How to Sand a Floor

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What You Need to Know

  1. Wooden floors are easier to clean than carpets and harbour fewer germs and mites. They’re also regarded by many people as looking better and more contemporary, adding value to your property.
  2. Preparation is the key to doing a good sanding job. Clean the floor thoroughly and close up any gaps with filler.
  3. Protruding nails can cause serious damage to a sander, so ensure there are none sticking out from your floor.
  4. The heat of the sander will help dry the floorboards, so you don’t need to wait for your floor to be bone-dry before you get to work.
  5. For the sanding itself, try and go up and down each board individually, using a rounded edge to sand down the edges.
  6. Finish your floor with a clear varnish or paint. A semi-matt finish looks more contemporary than a gloss finish.
  7. Oil-based finishes are more hardwearing but be aware that they may cause old boards to crack.

Preparing the Floor

To start, you need to clear the room, sweep it free of dust and knock in any nails that sit proud of the boards. Watch out for the location of central heating pipes.

For a really professional finish you could lift the boards and push them together so the floor is completely flush. You will need to add more reclaimed boards or borrow some from another room.

Otherwise, leave them where they are and fill any gaps with a porridge-like mixture of sawdust (if you have some in your sander bag from sanding another room) and PVA glue or wood filler. At the same time, you should also use a nail punch to deal with any raised nails, working methodically across the floor to ensure none remain sticking up when you start sanding.

Get Sanding

You don't need to wait for the floor to dry completely as once you start sanding as the heat of the machine will blast it dry. When sanding the boards, you should start with a coarse-grade sandpaper and work diagonally. Old boards will 'cup' and you need to even this out. If you work up and down the boards immediately, you will exacerbate the unevenness.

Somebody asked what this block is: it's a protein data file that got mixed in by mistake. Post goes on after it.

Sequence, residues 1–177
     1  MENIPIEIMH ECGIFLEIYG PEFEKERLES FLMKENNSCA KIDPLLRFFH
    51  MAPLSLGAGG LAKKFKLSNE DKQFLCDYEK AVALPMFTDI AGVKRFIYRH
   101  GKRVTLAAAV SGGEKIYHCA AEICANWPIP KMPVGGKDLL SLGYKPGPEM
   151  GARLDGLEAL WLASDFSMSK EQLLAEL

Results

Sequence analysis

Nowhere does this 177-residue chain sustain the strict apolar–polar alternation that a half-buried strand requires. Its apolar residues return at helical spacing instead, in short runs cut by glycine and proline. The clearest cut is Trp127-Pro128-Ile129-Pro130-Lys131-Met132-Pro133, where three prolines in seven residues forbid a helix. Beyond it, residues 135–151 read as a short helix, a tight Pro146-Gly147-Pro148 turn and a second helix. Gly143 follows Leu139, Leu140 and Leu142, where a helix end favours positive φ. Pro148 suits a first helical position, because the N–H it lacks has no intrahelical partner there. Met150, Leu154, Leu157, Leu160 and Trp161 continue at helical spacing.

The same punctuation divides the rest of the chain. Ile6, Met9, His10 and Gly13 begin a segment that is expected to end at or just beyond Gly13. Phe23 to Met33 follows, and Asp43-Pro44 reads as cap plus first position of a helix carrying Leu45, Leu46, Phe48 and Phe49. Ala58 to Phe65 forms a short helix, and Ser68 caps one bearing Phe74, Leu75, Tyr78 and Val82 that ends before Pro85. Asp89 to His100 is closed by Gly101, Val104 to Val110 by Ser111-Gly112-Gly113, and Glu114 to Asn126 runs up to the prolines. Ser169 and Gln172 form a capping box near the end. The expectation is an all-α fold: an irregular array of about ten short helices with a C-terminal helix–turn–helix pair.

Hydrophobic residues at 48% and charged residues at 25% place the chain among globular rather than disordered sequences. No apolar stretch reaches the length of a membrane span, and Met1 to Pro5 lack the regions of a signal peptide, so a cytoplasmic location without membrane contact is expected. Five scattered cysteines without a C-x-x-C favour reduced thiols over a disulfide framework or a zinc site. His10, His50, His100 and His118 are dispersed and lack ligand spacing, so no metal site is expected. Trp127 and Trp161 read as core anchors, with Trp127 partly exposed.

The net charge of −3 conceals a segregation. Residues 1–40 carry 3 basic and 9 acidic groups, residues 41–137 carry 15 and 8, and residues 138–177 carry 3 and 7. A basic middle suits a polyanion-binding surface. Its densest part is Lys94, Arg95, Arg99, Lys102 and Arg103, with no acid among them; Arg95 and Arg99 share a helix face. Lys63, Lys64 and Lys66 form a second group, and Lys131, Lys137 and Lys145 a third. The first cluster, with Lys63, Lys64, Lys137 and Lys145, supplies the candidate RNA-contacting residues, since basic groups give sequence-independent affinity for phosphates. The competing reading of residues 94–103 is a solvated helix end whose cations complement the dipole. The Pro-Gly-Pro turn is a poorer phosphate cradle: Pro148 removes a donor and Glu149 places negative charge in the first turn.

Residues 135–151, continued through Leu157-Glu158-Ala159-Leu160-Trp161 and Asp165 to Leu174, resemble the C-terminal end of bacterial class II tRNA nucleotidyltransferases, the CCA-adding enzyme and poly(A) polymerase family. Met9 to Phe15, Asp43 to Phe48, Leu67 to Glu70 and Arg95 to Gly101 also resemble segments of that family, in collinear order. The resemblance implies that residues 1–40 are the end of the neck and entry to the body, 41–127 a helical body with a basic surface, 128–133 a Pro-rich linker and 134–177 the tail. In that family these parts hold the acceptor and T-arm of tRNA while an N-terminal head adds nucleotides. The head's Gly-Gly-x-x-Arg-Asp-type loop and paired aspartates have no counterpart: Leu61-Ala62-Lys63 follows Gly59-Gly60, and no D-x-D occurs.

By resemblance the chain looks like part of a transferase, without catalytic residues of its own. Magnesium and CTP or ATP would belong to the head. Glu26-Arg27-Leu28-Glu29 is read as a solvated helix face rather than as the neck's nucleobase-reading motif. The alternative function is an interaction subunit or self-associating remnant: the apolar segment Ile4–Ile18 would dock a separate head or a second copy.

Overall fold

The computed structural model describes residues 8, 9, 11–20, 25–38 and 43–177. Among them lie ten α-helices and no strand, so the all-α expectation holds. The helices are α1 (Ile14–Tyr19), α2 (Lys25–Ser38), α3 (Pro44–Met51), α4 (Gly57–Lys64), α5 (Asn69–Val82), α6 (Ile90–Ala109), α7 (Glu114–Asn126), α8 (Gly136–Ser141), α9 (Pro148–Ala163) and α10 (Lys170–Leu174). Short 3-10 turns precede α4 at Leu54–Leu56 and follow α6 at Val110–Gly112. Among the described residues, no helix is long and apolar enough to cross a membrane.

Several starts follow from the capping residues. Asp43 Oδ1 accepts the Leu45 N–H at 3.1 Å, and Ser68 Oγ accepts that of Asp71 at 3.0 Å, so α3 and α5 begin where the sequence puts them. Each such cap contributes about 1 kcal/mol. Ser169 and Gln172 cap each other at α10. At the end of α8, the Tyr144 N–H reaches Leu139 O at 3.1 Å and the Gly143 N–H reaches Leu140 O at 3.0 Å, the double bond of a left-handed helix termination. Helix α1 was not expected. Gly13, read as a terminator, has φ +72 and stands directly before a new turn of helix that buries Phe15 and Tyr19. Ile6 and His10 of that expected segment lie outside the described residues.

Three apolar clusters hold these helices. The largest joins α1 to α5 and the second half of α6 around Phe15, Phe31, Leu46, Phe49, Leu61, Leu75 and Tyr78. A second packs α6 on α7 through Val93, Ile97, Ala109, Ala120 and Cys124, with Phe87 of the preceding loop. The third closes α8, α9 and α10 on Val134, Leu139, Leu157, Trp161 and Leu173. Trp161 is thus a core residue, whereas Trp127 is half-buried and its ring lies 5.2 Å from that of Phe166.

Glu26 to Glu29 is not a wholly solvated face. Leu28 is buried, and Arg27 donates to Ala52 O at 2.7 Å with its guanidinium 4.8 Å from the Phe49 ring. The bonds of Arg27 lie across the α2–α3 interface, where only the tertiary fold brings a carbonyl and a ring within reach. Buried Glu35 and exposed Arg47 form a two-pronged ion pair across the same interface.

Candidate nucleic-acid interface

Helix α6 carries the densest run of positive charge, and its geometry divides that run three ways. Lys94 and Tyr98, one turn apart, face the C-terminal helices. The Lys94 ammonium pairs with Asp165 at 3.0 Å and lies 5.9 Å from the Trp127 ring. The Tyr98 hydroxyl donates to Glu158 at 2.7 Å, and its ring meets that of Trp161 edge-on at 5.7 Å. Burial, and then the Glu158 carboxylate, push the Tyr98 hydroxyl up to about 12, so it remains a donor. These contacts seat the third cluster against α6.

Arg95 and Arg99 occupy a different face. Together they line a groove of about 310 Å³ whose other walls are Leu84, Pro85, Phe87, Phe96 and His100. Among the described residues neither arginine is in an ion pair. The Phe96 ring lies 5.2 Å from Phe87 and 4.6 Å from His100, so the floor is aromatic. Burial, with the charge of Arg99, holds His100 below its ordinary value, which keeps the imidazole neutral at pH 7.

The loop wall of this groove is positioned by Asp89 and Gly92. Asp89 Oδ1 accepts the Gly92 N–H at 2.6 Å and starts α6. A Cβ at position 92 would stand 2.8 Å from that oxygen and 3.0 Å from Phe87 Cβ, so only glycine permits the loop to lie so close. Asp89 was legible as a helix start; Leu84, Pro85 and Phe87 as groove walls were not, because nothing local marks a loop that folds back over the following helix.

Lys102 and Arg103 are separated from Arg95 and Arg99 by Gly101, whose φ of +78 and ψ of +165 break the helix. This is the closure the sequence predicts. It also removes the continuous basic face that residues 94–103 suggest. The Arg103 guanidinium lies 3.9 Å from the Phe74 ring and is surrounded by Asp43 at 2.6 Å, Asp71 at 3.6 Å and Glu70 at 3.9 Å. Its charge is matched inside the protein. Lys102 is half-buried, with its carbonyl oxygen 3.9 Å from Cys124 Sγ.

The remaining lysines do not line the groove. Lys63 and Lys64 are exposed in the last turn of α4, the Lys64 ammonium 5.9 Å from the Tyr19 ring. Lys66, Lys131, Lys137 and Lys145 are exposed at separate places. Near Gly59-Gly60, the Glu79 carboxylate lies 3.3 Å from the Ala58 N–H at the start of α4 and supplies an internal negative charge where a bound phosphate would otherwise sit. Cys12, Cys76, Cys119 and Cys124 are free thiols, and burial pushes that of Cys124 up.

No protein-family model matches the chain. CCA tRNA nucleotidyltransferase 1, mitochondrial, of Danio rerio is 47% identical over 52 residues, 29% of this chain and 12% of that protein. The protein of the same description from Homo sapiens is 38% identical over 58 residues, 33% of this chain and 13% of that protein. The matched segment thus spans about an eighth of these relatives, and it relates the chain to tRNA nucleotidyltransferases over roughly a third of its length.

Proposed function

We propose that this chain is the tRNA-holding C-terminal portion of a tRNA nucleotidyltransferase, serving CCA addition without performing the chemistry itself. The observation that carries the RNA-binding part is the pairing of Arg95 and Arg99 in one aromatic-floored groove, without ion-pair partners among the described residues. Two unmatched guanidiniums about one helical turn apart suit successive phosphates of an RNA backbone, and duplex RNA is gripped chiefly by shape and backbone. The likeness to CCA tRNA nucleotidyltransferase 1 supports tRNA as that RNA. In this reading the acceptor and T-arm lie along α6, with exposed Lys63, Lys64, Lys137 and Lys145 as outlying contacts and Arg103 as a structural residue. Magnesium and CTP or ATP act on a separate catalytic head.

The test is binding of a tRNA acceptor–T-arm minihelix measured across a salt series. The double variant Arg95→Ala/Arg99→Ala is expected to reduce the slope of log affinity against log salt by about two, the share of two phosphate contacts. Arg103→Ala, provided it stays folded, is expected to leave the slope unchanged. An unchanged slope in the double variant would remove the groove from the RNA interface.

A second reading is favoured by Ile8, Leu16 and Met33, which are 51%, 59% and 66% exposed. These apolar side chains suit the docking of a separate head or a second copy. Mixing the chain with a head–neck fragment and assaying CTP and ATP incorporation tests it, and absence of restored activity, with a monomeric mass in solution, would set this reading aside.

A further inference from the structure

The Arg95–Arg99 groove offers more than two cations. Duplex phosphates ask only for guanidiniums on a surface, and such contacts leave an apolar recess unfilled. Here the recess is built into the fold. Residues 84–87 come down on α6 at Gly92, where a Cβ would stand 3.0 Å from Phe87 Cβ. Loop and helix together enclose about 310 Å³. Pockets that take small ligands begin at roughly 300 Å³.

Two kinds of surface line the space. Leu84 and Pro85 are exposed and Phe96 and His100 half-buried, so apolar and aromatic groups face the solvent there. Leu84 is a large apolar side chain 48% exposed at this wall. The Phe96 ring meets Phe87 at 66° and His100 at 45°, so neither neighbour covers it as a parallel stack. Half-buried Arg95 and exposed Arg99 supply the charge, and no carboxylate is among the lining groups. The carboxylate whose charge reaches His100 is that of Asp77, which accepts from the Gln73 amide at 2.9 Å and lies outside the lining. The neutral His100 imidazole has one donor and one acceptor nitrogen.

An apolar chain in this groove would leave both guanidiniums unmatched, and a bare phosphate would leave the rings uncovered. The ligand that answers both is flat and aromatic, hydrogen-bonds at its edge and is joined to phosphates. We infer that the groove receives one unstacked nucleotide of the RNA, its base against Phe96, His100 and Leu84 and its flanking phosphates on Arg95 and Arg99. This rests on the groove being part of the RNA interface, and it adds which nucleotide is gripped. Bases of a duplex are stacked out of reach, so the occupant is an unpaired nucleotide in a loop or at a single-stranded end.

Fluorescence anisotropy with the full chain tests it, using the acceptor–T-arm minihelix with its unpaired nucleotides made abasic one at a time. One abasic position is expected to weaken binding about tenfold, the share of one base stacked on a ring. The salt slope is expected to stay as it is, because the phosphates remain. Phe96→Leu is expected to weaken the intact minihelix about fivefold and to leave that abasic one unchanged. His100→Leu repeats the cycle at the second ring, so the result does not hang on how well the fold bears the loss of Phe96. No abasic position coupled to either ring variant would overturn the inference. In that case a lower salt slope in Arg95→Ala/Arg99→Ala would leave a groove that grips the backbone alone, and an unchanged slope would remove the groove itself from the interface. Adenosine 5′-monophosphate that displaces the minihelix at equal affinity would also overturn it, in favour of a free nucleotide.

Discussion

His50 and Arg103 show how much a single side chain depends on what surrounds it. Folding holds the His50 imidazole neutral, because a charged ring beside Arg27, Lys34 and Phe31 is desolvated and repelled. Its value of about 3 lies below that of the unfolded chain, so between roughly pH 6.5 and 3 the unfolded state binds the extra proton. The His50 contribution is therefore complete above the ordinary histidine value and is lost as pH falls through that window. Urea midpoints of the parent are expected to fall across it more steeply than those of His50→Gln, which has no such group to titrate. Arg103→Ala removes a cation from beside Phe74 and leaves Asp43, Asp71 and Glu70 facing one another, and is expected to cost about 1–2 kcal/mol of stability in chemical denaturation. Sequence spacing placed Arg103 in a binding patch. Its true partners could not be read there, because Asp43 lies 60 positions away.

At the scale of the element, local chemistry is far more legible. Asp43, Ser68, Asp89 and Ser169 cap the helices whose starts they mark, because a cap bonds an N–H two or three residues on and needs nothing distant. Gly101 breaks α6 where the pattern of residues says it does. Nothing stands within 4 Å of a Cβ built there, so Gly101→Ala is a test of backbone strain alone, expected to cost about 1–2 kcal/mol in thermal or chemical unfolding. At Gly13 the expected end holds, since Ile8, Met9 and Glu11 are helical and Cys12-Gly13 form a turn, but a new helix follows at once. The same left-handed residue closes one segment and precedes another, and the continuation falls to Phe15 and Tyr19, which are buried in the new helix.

Only once the floor is flat can you go up and down each board. Remember to tilt the sander right back off the floor when you turn to avoid stop marks. Use an edger or hand-sander to do the extremities.

After a second sand with a finer sandpaper, sweep to remove all the dust and wipe the boards with a cloth dampened with white spirit. Then apply stain if you are using it and at least two coats of floor varnish.

Finishing the Floor

To put the finishing touches to your work, you’ll need to sand the edges of the floor. To do this, use the rounded-edge add-on to your sander, working as close to the wood as possible. Once this is completed, it’s time to vacuum the floors completely in order to remove any grease or dirt that may be left on the surface and then seal the boards using either a clear wood finish or paint.

A semi-matt finish looks more contemporary than a high gloss. When choosing varnish, or lacquer as it is known in the trade, you can go for oil-based, which is hardwearing but can crack as the boards dry, or water-based that won't crack but will wear.

Other Considerations

You can strip floorboards yourself, but the work is hard and very dirty. It’s also easy to ruin a floor with bad sanding techniques if you don't know what you are doing, so consider getting professional help or at the very least doing your homework before you get started.

If you live in a flat, check your lease. It may be a breach of its terms not to have carpets covering your floors. Floorboards are much noisier than carpet, and any downstairs neighbours have the right to peaceful enjoyment of their property. You may need to install a layer of soundproofing beneath your floor.

Further Reading

 

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